The Heraion on the island of Samos was one of the most renowned sanctuaries of the goddess Hera in ancient Greece. It was the site of cult rituals as early as the second millennium BC, and peaked in importance during the Archaic period – particularly the sixth century BC. Because of its long and celebrated history, the sanctuary contained a wealth of archaeological finds like votives and the remains of buildings. Visitors entered the Heraion from the “Sacred Way,” the street that linked the temenos (Greek for “sacred precinct”) with the ancient city of Samos. Both sides of the street offered the ideal place to erect votive offerings that simultaneously honoured the gods as well as the dedicator. The stone bases that once held such offerings are still visible today.
Among these remains was the six-metre-long base for this statue of a young woman. Located north of the Sacred Way, it was dedicated to Hera by a family. The family members were represented in six statues set into the base, four of which are almost completely preserved. The arrangement of figures can be reconstructed from the cuttings where they were inserted: the mother sat on a throne at the left end, while the father, depicted as a guest at a symposium, reclined at the far right. Between them stood their four children, three daughters and one son. The Berlin figure probably stood beside her father. Her name, Ornithe (Greek for “little bird”), is carved into her robe. Her father’s name is only partly legible, ending in -arches; her mother and (the preserved) sister are named Phileia and Philippe. The sculptor’s own name is also known through an inscription carved into the seated figure of Phileia: “Geneleos made us.”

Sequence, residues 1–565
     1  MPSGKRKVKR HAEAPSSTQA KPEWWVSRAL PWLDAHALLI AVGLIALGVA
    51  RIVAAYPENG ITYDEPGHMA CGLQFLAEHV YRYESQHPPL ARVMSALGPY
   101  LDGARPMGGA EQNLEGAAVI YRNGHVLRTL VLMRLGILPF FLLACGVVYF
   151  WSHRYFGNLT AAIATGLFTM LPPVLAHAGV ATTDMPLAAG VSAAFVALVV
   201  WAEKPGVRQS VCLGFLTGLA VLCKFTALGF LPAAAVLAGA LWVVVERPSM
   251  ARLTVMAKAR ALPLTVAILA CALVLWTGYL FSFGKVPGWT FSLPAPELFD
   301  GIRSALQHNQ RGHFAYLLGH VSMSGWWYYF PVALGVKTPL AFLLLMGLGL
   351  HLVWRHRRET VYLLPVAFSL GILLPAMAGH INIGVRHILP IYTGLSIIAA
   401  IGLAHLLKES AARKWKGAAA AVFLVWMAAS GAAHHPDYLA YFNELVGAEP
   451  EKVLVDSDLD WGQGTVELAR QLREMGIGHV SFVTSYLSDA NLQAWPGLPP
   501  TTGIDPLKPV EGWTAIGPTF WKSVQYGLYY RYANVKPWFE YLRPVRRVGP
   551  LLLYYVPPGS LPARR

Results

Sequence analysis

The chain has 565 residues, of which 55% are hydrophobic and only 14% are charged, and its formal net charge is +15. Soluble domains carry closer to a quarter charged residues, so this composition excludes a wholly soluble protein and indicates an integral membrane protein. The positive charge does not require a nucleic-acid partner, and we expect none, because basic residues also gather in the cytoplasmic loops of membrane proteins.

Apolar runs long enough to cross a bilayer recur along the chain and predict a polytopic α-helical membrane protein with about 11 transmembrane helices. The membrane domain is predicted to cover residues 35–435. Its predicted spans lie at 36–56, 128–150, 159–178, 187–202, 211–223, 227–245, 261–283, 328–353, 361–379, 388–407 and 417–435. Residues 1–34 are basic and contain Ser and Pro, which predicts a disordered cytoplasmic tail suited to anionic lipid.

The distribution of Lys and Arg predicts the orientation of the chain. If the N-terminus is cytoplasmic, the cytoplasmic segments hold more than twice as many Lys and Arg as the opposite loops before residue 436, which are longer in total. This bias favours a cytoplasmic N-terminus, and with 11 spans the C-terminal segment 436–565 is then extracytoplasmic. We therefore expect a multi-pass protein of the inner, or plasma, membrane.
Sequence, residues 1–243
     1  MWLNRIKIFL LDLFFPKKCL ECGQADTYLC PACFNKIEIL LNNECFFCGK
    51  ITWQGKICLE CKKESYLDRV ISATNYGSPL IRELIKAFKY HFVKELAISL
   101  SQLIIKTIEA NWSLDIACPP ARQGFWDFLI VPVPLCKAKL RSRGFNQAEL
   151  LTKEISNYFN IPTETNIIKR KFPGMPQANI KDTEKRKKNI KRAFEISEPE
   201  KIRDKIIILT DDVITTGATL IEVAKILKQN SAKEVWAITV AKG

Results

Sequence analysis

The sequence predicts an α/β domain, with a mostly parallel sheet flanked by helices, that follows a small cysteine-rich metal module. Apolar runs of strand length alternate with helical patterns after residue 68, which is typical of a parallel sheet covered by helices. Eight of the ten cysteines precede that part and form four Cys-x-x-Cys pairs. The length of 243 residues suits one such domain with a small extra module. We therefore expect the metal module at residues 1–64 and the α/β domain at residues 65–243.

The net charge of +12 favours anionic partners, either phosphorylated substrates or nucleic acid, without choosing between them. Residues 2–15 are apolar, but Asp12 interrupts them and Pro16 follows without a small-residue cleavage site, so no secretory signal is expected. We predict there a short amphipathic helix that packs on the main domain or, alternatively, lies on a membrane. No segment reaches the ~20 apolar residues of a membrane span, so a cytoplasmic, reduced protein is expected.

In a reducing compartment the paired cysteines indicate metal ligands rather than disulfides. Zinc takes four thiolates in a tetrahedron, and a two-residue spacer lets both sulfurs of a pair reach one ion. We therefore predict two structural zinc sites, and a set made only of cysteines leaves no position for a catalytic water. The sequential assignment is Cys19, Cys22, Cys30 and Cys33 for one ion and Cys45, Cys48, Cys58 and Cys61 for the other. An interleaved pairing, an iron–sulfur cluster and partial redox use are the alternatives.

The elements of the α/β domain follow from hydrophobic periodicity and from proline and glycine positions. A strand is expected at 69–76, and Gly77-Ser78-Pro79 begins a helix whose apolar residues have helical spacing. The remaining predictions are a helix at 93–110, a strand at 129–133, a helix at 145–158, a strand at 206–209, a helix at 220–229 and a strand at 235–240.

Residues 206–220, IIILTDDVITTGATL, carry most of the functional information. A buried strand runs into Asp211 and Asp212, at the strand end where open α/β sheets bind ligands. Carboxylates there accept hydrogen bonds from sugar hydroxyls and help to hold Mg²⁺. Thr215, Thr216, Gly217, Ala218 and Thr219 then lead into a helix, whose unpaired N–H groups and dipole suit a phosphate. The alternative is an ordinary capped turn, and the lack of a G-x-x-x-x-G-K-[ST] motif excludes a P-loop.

Geneleos gave life to the otherwise static row of figures by subtly varying the three daughters’ appearance. Despite their similar clothing and poses, each daughter has slightly different proportions, drapery, and hair. They wear belted chitons with long sleeves tied at intervals down the arms, the excess fabric slanting over the hips. The thin material clings to the body and alternates smooth swathes with pleats. The soft curves of the left leg show through the fabric all the more because of the girls’ pose: each gathers her skirt in her right hand and pulls it tight across her legs. The obvious delight in surface pattern and undulating contours is a hallmark of east Ionian Archaic sculpture. Each kore (Greek for “girl”) rests her left arm at her side, her hand closed into a fist. Yet Ornithe is more graceful than her sister, marked out in part by her long, elegant hair. Perhaps all three sisters were represented as participants in a solemn round dance held in the sanctuary to honour Hera. A fragment of a male torso that almost certainly belongs to this same votive monument, also in Berlin, can be reconstructed as a flute player – thus another participant in the festival, providing music for the dances and feasts.
With this monument, the sculptor Geneleos possibly created the earliest family votive offering in Archaic Greek art. While the figures do not interact with each other through their poses or gestures, they nonetheless form a group monument by virtue of their base, the seated and reclining figures framing the composition on either end, and the consistent treatment of the drapery. The figures are even more closely linked by theme: they are not only members of the same family, but also participants in the cult rituals performed in Hera’s honour.